The Class Struggle Is Real

Wednesday, August 10, 2016
By Paul Martin

by Matthew McCaffrey via The Mises Institute,
Aug 9, 2016

Libertarians are often skeptical about the idea of class struggle. This is no surprise, given how closely associated it is with Karl Marx. However, Marx did not originate the theory of class conflict, which was actually developed by the French liberals in the 19th century. In fact, it was classical liberal intellectuals in France, England, and the United States who spearheaded the early development of class theory.

Marx, Engels, and even Lenin were well aware of the origins of class doctrine, and openly acknowledged their bourgeois influences. However, the Marxists developed their own version of the theory that was distinctly inferior to that advanced by the French.

Both sides agreed that society contained exploited and exploiting classes. However, for the liberals, society was not divided between the bourgeoisie and the proletariat, but between the productive class and the political class. The liberals recognized that there are two ways to organize human productive effort: through peaceful cooperation and trade, or through violence. Each method—peace and power—creates groups of people with distinct, conflicting interests. The former organizes individuals within the division of labor, in which each person contributes willingly to the welfare of others. The second organizes individuals into political groups that claim monopolies over coercion.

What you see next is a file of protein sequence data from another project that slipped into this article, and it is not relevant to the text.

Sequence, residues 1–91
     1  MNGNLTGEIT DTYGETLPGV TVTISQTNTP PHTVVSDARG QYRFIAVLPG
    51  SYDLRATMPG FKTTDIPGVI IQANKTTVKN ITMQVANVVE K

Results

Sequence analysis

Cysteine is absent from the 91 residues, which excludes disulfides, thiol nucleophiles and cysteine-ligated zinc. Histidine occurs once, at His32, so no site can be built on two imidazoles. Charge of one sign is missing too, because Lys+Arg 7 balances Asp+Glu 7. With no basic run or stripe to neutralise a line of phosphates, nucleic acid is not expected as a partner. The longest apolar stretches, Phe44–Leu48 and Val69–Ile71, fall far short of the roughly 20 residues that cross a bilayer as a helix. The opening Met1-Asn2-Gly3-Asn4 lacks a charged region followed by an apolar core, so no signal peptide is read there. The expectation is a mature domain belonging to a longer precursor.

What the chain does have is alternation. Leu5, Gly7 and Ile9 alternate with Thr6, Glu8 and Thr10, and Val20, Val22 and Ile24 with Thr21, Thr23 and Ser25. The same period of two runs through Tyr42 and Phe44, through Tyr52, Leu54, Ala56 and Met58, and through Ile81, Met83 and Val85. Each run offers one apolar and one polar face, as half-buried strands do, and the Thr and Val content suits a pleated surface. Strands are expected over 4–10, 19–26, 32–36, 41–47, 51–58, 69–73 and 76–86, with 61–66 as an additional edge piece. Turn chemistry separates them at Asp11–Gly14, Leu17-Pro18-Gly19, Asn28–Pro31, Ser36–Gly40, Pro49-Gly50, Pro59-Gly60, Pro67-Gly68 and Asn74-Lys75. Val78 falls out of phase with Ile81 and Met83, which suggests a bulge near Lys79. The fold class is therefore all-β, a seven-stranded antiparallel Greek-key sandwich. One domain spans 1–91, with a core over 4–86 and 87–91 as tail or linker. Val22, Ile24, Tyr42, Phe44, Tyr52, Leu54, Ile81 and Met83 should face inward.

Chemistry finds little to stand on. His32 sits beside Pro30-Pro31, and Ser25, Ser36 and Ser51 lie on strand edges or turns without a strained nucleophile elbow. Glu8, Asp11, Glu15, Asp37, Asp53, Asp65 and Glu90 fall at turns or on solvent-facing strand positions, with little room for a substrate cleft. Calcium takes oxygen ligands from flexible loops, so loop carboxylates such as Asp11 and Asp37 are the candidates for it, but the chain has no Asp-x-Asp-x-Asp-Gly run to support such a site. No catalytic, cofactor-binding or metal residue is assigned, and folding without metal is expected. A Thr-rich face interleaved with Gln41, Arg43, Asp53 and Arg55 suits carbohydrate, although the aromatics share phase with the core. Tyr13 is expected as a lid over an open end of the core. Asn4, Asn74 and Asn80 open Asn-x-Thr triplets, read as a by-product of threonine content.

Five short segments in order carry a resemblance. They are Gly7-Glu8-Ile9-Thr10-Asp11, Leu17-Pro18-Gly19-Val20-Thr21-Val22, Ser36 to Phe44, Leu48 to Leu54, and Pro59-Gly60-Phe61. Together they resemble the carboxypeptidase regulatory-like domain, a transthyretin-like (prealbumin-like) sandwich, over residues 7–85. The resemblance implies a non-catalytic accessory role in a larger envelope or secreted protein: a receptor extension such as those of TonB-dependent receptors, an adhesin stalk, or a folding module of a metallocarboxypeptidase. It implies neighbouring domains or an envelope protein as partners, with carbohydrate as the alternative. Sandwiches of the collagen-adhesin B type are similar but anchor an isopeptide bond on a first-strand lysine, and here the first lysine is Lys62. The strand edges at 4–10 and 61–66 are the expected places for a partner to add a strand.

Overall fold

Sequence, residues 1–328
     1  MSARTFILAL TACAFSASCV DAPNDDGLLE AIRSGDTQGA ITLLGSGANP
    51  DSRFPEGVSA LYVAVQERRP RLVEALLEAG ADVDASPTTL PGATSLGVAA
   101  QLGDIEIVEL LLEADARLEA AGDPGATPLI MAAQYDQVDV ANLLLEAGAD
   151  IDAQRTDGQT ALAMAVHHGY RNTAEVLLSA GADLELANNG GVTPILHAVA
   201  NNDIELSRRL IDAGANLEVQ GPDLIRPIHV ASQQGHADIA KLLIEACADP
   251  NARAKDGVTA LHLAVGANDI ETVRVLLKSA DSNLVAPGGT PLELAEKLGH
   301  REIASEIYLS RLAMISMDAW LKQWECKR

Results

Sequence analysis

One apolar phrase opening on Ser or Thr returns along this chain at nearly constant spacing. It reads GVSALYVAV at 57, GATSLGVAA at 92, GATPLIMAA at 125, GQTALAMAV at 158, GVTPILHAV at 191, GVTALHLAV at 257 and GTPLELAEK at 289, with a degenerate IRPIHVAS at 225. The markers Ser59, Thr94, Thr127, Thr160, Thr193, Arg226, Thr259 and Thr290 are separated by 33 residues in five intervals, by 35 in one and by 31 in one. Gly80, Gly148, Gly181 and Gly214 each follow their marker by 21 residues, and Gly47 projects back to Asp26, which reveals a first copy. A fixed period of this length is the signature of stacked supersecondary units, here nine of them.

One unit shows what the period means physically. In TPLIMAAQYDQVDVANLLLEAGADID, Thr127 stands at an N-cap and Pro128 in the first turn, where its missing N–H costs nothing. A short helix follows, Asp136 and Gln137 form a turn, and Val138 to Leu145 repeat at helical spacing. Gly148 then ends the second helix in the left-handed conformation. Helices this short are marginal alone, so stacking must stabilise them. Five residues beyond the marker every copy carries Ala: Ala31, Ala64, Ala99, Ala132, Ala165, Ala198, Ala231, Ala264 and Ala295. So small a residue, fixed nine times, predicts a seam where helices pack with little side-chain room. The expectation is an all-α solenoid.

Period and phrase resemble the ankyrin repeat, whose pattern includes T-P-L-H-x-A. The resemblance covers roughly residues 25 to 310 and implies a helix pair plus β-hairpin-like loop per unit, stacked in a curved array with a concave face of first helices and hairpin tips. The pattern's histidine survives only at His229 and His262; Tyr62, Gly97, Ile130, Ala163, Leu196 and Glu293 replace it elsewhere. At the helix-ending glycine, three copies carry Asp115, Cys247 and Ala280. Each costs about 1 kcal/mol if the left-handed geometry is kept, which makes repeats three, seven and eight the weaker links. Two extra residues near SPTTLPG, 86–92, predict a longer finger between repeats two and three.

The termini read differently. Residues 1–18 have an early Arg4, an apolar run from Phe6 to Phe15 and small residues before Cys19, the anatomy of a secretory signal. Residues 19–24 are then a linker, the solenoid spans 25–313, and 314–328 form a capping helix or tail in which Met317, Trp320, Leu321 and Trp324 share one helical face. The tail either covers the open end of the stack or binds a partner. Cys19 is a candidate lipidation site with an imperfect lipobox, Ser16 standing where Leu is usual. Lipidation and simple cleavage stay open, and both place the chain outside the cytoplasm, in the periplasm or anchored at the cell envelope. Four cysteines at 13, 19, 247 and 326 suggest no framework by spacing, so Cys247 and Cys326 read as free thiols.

Importantly, in this view, class membership isn’t based on economic roles like laborer or entrepreneur, but on sources of income. Some members of society earn wealth through production and trade, while others acquire it through redistribution. The modern state not only institutionalizes redistribution, but creates a network of privileges for the individuals and groups it wants to support. These groups include businesses seeking to protect themselves from market competition, but also the intellectual classes, which the state relies on for support in the court of public opinion.

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